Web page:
Lucretia on the other hand seems to have a few clearer motivations, thanks in part to some fantastic work on the part of Lucy Lawless. For the moments we see Lucretia in the bath following Ashur’s sexual assault, she seems genuinely adrift, but the moment Ilithyia relents to relying on her former friend for support, we see both flashes of returned affection and conniving looks of opportunistic malice. I still can’t quite tell where Lucretia draws the line in terms of betrayal, now seemingly allying herself with Ilithyia to escape Glaber (and perhaps men in general) but that ambiguity makes the character more effective as a villain, at least for now. Spartacus is a complex moral play, and no villain is without some measure of conflicted humanity.
Perhaps even more heart-breaking is the short-lived reunion between Crixus and Naevia, which near-immediately gives way to her tortured memories and shell-ish persona. To her credit, Naevia’s struggle affords fine opportunity for Cynthia Addai-Robinson to really make the character her own, and offers up some very moving philosophical drama toward where we draw the lines of humanity. Whereas someone like Gannicus simply finds himself adrift, Naevia believes her name and identity lost in tortured slavery, and only reclaimed through becoming a warrior. It’s particularly difficult to watch when Crixus takes out his tragic frustration on Agron or even Naevia herself, for even in reunion there seems no end to suffering for those under the heel of Rome.
Everyone needs to find their place in this rebellion, be it Naevia and her memories, Gannicus and his indifference, or Chadara (Bonnie Sveen) and her struggle to leave behind the notion that she needs men to protect her. By the time Mira’s arrow pierced Chadara’s flesh more fatally than intended, the lesson was well learned that purpose is the only savior in this hellish existence. Fine work all around, really.
But much of what ‘Chosen Path’delivers on is that which we’ve waited years to see; a true discourse formed between Spartacus and Gannicus. We had brief flashes of the two conflicting during ‘Libertus,’but the final act didn’t’afford enough time for the two to truly feel one another out, and forge any kind of bond like they do in ‘Chosen Path.’Both Spartacus and Gannicus are the heroes of their own story, thus it makes for an exceptionally intriguing dynamic, as both men carry haunted pasts that drive their purpose, or in Gannicus’case, lack there-of. Surely we haven’t seen the last of this estranged brotherhood, and I can’t wait to see what drives Gannicus to finally take up arms with Spartacus. And if I might be afforded one geek-out moment, how frakkin’awesome was their rain-soaked melee?! Nerdgasm.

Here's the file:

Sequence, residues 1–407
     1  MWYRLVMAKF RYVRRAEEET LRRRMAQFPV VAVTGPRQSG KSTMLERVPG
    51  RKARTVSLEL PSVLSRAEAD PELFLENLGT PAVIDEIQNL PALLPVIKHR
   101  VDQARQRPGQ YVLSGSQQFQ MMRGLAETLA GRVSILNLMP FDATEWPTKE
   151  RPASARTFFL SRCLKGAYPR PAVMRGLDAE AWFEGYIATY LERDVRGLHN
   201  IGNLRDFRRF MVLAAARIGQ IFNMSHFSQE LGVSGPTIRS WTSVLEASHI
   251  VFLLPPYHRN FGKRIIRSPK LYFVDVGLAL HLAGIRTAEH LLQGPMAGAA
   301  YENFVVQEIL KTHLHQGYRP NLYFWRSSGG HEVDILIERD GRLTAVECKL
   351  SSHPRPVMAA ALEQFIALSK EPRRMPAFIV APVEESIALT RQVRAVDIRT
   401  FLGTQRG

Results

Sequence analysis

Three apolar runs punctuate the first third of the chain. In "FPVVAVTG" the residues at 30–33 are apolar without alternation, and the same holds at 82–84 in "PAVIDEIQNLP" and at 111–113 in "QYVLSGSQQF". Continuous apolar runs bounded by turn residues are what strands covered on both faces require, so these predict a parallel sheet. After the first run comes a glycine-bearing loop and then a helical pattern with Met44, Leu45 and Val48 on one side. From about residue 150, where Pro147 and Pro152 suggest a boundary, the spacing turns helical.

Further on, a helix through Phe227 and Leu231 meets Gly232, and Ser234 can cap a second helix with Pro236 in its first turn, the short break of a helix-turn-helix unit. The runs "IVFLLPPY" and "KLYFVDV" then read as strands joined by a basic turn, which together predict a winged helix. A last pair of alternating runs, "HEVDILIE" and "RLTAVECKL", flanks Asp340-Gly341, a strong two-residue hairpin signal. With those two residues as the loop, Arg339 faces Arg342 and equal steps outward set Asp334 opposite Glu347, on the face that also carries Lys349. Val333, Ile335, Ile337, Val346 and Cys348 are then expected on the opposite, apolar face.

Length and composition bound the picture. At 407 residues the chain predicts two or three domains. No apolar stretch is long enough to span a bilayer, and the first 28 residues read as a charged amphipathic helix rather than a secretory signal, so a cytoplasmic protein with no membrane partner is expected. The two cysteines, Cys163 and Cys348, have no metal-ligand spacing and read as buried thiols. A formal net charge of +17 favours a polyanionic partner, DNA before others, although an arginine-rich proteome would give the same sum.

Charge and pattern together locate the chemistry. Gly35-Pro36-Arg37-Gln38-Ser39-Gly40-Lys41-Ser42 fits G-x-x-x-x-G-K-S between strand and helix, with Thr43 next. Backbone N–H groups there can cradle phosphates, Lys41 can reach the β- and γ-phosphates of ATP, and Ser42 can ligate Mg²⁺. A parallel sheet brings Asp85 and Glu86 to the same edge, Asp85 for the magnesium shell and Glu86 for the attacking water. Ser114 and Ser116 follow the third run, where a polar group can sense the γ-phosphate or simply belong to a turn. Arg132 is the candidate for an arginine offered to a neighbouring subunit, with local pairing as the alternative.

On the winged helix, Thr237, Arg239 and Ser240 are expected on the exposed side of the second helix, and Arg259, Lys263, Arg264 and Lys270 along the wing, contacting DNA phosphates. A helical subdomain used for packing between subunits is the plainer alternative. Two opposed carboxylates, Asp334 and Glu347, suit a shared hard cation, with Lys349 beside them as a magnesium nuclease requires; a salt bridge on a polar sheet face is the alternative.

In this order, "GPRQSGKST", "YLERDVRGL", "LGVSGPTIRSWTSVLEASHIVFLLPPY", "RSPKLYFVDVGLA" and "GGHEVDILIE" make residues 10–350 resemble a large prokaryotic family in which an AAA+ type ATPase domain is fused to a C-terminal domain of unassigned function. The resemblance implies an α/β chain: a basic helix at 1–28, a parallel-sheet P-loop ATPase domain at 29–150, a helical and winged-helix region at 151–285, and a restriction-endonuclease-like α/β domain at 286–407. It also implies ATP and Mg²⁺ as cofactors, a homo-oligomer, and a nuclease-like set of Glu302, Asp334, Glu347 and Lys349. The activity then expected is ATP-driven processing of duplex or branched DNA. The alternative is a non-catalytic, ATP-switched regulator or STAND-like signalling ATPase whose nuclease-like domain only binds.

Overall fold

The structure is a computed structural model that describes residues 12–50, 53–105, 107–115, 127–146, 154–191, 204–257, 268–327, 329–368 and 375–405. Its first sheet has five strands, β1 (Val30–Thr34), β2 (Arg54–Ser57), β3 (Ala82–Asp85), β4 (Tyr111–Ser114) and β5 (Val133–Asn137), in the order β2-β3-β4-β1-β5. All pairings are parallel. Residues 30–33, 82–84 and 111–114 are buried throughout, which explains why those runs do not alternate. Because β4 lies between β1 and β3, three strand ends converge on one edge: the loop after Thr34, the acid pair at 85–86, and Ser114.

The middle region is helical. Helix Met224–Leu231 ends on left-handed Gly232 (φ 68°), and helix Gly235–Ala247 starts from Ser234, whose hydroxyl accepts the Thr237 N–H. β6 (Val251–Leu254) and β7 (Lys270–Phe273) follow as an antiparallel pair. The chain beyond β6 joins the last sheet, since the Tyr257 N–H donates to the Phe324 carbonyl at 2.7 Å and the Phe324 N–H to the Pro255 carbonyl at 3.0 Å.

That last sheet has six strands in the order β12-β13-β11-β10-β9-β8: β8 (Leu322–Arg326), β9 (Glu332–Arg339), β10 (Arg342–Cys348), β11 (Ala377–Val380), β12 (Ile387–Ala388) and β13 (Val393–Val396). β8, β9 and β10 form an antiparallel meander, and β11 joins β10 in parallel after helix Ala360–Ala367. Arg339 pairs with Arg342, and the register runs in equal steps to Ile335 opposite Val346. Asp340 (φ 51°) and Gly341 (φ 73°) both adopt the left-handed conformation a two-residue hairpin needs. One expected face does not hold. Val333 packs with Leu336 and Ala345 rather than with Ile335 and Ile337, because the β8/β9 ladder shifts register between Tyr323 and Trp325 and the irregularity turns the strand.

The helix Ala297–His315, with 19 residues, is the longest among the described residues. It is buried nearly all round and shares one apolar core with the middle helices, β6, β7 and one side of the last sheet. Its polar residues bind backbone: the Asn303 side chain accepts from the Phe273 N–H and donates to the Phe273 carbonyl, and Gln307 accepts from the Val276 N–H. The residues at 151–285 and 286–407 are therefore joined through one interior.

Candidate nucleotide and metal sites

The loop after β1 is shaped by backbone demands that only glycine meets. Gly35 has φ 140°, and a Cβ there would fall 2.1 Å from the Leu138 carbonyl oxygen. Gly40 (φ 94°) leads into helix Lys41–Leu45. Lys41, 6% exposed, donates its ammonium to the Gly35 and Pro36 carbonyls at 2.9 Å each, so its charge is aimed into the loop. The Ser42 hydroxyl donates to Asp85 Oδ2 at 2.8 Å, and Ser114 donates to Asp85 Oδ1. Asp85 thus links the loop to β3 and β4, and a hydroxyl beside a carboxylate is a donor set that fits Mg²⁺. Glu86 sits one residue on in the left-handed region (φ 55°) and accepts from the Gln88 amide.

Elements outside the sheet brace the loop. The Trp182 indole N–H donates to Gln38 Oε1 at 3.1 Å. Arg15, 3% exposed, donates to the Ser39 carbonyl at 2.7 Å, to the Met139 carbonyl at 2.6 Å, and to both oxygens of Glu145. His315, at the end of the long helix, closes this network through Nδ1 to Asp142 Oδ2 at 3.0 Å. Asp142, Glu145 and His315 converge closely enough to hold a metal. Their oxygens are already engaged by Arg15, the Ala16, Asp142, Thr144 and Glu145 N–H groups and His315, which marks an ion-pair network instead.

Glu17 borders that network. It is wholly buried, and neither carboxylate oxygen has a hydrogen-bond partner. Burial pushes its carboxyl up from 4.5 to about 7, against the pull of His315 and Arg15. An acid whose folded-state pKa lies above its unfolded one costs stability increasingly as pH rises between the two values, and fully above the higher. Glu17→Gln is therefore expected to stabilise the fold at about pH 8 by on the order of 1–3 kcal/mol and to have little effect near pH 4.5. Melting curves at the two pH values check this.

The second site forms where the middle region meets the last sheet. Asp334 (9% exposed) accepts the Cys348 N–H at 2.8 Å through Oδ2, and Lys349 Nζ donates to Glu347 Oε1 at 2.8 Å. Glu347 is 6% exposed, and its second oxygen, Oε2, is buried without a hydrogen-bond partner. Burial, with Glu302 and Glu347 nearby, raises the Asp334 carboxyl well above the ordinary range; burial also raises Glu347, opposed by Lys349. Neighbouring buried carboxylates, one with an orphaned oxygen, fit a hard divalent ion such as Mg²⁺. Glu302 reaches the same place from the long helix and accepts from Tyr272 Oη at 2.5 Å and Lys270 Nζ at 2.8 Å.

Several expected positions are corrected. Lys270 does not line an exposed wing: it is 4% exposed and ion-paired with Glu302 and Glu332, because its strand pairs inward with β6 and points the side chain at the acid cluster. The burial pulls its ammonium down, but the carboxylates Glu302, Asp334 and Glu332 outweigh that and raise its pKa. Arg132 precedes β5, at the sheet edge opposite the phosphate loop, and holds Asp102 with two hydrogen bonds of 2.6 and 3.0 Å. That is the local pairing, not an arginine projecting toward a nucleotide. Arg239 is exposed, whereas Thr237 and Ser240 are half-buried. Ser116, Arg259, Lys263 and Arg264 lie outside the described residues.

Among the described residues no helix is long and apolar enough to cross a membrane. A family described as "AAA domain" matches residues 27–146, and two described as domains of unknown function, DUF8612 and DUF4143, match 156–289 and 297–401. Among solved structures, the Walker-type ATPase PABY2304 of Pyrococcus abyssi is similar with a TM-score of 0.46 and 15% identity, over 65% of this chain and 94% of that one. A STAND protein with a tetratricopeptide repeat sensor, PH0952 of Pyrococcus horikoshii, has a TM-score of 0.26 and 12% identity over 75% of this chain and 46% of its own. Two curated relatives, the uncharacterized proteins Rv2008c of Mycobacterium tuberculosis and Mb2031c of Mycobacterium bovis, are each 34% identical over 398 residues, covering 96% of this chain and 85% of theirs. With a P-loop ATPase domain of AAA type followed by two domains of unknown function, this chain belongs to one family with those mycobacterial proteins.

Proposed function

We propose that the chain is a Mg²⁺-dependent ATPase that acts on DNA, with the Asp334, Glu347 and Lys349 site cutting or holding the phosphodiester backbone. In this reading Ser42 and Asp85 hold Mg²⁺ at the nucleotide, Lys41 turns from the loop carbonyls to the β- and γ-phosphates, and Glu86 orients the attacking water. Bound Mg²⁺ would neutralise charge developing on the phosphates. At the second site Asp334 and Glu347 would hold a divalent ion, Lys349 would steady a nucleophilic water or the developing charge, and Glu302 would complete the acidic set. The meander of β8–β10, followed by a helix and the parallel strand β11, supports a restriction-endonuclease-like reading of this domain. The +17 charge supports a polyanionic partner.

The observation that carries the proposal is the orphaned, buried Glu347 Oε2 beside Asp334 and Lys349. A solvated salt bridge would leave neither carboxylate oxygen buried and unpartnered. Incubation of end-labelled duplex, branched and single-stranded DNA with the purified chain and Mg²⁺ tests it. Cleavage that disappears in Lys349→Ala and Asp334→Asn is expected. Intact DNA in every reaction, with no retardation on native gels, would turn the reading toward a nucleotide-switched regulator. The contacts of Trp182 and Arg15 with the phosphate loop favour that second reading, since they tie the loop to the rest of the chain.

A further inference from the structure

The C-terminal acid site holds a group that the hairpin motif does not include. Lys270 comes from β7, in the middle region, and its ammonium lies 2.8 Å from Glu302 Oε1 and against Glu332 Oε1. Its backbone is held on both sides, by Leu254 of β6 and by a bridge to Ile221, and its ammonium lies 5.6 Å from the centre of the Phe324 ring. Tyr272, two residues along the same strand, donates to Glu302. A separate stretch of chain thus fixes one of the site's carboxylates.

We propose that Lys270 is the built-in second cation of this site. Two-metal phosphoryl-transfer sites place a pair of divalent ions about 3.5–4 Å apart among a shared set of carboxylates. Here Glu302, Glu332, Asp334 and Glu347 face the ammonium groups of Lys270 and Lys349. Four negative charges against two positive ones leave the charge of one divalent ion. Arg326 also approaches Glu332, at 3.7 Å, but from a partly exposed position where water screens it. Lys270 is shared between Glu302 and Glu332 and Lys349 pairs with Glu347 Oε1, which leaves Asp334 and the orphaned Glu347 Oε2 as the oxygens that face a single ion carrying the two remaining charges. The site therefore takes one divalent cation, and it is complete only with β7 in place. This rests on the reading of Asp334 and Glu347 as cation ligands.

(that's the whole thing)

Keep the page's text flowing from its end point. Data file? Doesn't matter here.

As I mentioned earlier, ‘Chosen Path’is all about the darkening storm, with new villains rising, old fallen beneath heel, and the encroaching sense of fearful doom. ‘Chosen Path’may not carry with it the action of ‘Libertus,’but good grief is it rivetingly dark.
And Another Thing…
- Surely some September 11th imagery to be found in the wide shots of smoke pillars from the arena, with the reading of Ilithyia’s father’s will sounding almost like a background newscaster to Glaber overlooking the destruction.
- Curious, has anyone really broached the subject that Ilithyia’s baby in theory, belongs to Spartacus? Beside Lucretia, would anyone really be able to bring forth that truth?
- Okay, so…I’m a guy. And it’s a little difficult watching serious scenes with meaningful dialogue while both Lucy Lawless and Viva Bianca are topless. It’s a testament to the period accuracy of the show, that neither character thinks twice about that but…boobies.
- It’s nice to see the other rebels training, or even fixing up the temple to flesh out a real sense of community. I particularly liked the brief cut to the gladiator who spurned Chadara during her death throes, to remind us that even small characters can react to present drama.
- Definitely can’t wait to see more of ‘The Egyptian’in action. As for his cronies? I dub them “Face-Tattooed Scott Ian,” ‘No-Face,”Lionel Richie,’and ‘Other Guy.’
What did YOU think?